Herron to name special counsel

A special audit also examined spending in years before 2003.
LISBON -- The state auditor has cleared the way for the appointment of a special prosecutor in the investigation of spending at the Columbiana County Board of Health.
Courtney Whetstone, a spokesperson for Ohio Auditor Betty Montgomery, said Monday that Columbiana County Prosecutor Robert Herron had been advised to appoint a special prosecutor.
Authorities have been investigating spending at the health board after a series of Vindicator stories in 2004 about county travel expenses and other costs.
Herron's office by law represents most county agencies, including the health department. There would be a conflict of interest if the prosecutor's office represented a board and prosecuted it.
Whetstone said the state auditor's office has a staff attorney, James Menken, who could serve as a special prosecutor, but Montgomery told her staff to tell Herron to proceed because of the upcoming election.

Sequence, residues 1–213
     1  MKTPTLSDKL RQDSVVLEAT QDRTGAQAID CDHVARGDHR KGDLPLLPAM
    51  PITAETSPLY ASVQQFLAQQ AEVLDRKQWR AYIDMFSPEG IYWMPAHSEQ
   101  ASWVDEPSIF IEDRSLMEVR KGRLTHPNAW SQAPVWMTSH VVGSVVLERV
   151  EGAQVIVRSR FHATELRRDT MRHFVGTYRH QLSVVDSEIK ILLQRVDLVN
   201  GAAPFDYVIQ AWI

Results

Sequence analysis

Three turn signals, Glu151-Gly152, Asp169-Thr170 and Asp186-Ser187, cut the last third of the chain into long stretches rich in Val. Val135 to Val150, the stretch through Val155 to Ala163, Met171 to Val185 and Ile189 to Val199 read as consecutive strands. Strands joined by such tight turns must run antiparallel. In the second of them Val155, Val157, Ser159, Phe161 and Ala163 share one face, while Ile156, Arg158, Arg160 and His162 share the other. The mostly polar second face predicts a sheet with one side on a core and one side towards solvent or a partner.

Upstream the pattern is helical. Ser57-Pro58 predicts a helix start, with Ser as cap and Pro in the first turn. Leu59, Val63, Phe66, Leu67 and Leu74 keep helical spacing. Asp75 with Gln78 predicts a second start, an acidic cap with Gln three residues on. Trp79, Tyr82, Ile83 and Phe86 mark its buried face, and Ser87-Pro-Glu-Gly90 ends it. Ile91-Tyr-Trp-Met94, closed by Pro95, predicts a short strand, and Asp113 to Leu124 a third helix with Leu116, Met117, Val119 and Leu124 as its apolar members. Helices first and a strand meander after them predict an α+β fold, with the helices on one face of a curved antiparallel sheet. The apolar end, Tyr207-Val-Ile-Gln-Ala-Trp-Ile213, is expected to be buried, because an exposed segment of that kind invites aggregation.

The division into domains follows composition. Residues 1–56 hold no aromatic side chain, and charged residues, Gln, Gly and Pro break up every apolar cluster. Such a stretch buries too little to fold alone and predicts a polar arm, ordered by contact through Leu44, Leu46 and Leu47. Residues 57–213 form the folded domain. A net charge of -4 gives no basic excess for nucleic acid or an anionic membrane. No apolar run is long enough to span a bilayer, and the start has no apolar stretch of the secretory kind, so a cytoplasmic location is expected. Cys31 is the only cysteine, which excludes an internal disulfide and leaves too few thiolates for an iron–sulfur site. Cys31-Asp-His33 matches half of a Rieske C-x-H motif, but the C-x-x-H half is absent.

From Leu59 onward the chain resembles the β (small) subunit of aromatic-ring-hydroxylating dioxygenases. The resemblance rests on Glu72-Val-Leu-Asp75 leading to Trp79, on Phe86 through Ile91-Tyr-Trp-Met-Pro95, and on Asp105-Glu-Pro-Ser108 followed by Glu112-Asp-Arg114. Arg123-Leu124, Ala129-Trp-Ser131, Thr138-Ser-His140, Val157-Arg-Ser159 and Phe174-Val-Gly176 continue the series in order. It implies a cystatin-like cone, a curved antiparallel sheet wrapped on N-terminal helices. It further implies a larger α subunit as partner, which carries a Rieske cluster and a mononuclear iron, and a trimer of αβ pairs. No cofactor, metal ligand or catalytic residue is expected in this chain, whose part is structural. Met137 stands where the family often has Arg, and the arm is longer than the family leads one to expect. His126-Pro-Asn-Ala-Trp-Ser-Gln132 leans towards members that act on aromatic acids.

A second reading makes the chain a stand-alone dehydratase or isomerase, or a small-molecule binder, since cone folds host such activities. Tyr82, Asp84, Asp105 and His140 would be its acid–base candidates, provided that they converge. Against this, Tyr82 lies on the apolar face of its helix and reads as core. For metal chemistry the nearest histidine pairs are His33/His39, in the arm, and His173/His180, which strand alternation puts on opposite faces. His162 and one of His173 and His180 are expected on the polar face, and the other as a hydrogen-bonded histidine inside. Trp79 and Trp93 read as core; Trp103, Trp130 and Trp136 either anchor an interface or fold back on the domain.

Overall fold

Montgomery is running for Ohio attorney general, a post she previously held. Whether she wins or loses in November, she will leave the auditor's office in about two months. Whetstone said that the next auditor may not have the same special prosecutor -- which could disrupt the case -- or any special prosecutor to handle the case.
What audit showed
A state audit of health board records for 2003 found thousands of dollars in questionable spending by Health Commissioner Robert Morehead on books, meals and travel expenses.
The state auditor's office issued findings for recovery for a total of 6,313. The majority of the findings, or 5,834, were against Morehead. The state auditor's Web site indicates that some of the funds are still unpaid although health board officials contend the amounts have been paid in full.
When the findings were announced in 2004, the state auditor's office said it would conduct a special audit into health department spending in previous years. Montgomery's office later said that Herron would get a packet of information about the board's spending.
Neither the state auditor's office nor Herron have identified the years that were examined. The results were turned over to Herron in April. The state auditor's office has said the material would eventually become a public record if no action is taken.
Herron did not return calls seeking comment.

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